Happy “Infinity Eve”, from the bottom of the Analemma! [minor update]

When I was in grade school, a friend told me that if you photograph the sun at noon every day (disregarding Daylight Saving Time), using a stationary camera without advancing the film, after one year you’d have a picture of an “8”. This is called an analemma, and it’s been well-studied and documented.

The Analemma in winter

(Animation courtesy Starry Night Pro. Click to view the movie.  You’ll need QuickTime to watch it.)

Since that day in grade school, I harbored the idea that the symbol for infinity had its roots in early man’s subconscious awareness of the sun’s tracings. What other natural phenomenon symbolized the inexorable passage of time unending? It was an interesting observation, but unlikely when one considers that December 25 is also the birthday of the Roman Sun God Mithras, known to be celebrated as early as 1400 BC. Why unlikely? Because the (northern) civilizations of the time, enduring the hard, cold winter with food from the previous season’s hunt and harvest, were not sure the Sun would return as they watched its transit get lower in the Autumn and Winter sky. While the solstice occurs about December 21 each year (sol means “sun”, sistere means “to cause stillness”), the technology of the day was unable to detect the tiny rise in the Sun’s path for a few days, thus December 25th was a celebration of dies natalis solis invicti, or the birth of the invincible Sun. Celebration of a new year, and the Sun’s return to strength is said to go back to earliest history. So much for boyhood theories, precocious and interesting though they may be.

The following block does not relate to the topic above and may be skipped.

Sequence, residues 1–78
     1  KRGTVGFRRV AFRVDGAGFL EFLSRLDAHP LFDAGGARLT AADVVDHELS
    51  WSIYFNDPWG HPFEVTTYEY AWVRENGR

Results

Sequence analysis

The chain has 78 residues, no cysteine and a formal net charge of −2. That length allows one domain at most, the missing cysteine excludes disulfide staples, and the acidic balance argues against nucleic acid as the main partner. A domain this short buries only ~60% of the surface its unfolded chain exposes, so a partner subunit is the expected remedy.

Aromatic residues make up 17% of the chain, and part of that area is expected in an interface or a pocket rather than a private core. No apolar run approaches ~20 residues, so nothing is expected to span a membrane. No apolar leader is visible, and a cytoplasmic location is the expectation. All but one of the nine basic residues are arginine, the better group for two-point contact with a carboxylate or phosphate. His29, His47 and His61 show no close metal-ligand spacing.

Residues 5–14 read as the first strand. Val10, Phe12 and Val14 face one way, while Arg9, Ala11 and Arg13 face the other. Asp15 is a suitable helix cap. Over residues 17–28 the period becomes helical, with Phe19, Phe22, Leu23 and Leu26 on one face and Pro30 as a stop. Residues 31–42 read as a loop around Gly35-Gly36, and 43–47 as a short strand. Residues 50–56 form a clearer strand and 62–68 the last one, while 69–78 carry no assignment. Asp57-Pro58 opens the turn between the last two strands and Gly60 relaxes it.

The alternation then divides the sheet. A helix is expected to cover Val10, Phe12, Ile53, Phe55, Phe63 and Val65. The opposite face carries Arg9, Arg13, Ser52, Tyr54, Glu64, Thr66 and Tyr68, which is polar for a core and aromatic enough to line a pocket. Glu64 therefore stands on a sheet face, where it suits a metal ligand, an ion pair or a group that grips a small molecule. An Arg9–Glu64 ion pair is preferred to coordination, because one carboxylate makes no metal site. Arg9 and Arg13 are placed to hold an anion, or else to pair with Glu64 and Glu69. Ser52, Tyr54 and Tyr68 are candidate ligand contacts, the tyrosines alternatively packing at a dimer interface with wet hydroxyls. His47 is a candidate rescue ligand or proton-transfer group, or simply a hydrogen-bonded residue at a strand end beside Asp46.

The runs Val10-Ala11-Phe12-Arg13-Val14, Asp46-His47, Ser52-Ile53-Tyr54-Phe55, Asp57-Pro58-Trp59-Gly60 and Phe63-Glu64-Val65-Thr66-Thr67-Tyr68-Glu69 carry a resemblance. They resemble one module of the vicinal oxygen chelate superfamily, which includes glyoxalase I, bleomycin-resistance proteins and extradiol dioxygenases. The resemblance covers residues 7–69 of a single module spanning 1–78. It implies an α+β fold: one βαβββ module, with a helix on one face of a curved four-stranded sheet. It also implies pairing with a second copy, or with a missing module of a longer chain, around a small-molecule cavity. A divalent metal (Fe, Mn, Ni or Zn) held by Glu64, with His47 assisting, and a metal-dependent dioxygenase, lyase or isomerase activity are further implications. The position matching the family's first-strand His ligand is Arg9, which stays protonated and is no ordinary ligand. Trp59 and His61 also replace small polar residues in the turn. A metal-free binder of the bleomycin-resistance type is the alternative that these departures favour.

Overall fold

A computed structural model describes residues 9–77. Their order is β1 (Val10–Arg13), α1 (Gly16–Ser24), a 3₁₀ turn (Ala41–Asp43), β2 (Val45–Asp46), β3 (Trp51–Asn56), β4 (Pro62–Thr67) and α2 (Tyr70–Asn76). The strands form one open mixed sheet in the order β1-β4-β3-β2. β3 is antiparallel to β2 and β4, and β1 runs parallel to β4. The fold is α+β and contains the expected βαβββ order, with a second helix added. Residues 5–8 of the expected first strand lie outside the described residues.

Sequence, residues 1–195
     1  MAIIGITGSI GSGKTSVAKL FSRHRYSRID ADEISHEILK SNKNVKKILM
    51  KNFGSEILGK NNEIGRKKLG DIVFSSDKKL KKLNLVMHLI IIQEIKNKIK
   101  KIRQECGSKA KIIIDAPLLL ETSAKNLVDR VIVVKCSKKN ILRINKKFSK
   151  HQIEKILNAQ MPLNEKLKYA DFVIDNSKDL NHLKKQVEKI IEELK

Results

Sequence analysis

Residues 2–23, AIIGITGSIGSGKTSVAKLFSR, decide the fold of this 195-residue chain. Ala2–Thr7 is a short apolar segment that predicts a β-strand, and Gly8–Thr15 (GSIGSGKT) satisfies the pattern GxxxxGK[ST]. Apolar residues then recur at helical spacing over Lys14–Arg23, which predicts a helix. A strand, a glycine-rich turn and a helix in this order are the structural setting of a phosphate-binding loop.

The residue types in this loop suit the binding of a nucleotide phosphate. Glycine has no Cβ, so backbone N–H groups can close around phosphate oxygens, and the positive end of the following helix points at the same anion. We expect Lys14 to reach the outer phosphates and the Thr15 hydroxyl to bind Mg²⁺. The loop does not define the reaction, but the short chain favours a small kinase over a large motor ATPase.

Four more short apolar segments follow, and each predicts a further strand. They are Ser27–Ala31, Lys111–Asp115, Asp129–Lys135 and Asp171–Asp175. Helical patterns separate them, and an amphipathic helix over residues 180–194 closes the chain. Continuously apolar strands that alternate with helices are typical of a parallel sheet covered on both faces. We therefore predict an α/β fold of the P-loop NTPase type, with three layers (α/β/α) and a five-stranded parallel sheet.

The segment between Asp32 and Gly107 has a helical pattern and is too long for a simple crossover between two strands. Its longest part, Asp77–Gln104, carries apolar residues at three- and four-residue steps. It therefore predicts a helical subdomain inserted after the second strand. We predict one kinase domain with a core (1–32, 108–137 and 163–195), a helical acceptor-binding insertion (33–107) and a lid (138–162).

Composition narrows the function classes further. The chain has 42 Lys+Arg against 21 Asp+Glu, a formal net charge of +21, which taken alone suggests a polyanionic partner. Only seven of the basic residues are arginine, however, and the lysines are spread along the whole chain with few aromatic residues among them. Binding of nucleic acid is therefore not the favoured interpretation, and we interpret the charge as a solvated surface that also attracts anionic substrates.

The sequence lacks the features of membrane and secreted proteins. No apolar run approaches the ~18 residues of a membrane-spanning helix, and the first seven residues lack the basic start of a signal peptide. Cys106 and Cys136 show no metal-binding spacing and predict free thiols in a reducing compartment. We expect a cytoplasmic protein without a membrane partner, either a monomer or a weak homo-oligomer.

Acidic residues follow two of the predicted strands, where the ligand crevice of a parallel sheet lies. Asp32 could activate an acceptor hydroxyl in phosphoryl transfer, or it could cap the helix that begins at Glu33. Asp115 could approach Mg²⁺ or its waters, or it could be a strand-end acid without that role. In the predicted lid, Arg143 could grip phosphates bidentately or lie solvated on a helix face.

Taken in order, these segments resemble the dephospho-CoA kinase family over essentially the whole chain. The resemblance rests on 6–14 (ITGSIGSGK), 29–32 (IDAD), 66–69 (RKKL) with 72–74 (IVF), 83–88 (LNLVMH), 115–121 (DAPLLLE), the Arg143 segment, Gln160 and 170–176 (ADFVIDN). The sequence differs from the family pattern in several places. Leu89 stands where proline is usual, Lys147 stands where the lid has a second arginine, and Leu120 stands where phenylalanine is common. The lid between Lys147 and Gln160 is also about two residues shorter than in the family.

At this time of year, Earth is nearest the Sun and traveling at the maximum speed of its elliptical orbit, in keeping with Kepler’s Laws of Planetary Movement. The Sun, at its lowest point in our sky at solstice, is very near the bottom of the analemma. That’s why the lower loop is larger and why the Sun traverses it faster–we are closer and moving faster. For the curious, the Sun is at the top of the analemma at Summer Solstice, when we are farthest from the Sun and moving slowest. The Sun crosses the middle intersection at both equinoxes.

And all because of a 23.5° tilt of Earth’s axis relative to its orbital plane around the Sun, and its slightly elliptical orbit.

[Update:] Space.com just printed a related article.

So, as long as we’re celebrating that the Earth is at this particular Sun-relative location yet again (rather like birthdays), and the Sun is likewise in its historical spot on its analemma, I wish you a Happy Infinity Day, and many more to come.

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